The issue of corruption featured high on the agenda of the two latest enlargements of the European Union, in particular with respect to the accession of Bulgaria and Romania, in 2007. There were few assistance programmes in these countries that did not include a good governance/anti-corruption component. However, differences of approach between the EU and bilateral aid agencies were significant enough to allow some generalisations that could be of use to future efforts in this area. This brief seeks to summarize the lessons learned from the terms of engagement employed by the EU and aid agencies of individual governments in respect of Bulgaria. It highlights some of the inefficiencies, assuming worst practice can be as valuable a learning tool as best practice.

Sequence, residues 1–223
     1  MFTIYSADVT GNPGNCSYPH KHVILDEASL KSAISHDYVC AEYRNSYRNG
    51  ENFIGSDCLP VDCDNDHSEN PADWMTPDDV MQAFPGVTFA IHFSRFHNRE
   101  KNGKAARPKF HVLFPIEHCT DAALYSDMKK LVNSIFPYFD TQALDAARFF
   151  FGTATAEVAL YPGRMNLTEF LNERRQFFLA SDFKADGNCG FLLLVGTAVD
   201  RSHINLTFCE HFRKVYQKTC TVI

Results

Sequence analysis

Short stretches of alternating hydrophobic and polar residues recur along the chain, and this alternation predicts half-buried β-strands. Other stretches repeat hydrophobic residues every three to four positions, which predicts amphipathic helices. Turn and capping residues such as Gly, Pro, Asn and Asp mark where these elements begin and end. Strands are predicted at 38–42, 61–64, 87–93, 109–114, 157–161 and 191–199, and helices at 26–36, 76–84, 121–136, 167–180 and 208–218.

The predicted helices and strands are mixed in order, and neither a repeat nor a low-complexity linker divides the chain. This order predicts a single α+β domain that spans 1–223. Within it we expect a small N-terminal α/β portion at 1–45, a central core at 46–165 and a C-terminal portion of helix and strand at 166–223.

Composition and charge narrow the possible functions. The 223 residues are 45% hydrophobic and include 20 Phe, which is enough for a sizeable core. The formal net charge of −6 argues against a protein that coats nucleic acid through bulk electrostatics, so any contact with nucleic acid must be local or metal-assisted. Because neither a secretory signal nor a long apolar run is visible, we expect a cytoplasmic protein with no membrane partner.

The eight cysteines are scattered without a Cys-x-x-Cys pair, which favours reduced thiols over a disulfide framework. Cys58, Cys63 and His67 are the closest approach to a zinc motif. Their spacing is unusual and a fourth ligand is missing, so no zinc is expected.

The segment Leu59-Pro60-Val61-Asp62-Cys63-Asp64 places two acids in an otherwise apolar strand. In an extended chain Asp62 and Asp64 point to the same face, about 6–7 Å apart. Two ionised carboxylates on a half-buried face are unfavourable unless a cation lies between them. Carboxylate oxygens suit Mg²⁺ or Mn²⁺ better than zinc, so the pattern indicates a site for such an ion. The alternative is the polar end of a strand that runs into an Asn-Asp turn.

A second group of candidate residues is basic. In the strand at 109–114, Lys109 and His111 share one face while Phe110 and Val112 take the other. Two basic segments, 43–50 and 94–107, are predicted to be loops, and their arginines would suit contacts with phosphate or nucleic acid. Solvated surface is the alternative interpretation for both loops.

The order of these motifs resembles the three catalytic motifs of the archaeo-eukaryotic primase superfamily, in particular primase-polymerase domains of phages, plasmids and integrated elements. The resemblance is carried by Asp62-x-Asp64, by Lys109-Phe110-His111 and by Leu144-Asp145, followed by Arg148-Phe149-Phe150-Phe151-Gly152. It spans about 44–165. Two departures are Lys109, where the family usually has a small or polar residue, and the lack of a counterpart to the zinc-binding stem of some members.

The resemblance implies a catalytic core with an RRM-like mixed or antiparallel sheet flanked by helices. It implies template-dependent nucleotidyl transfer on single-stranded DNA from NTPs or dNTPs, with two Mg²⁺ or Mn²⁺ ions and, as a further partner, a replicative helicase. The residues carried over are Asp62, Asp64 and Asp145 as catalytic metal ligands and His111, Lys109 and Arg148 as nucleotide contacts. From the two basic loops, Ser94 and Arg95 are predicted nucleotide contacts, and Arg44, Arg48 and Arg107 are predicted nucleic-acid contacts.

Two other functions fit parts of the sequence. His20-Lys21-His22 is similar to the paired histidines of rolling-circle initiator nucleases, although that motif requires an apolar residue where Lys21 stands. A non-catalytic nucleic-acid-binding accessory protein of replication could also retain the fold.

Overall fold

Curbing grand corruption in ethnically plural societies. The role of corporate responsibility
Justifiable energy injustices? Exploring institutionalised corruption and electricity sector “problem-solving” in Ghana and Kenya
Festus Boamah, David Aled Williams, Joana Afful
Energy Research and Social Science
A case study on corrupt practices in Rwanda provides useful lessons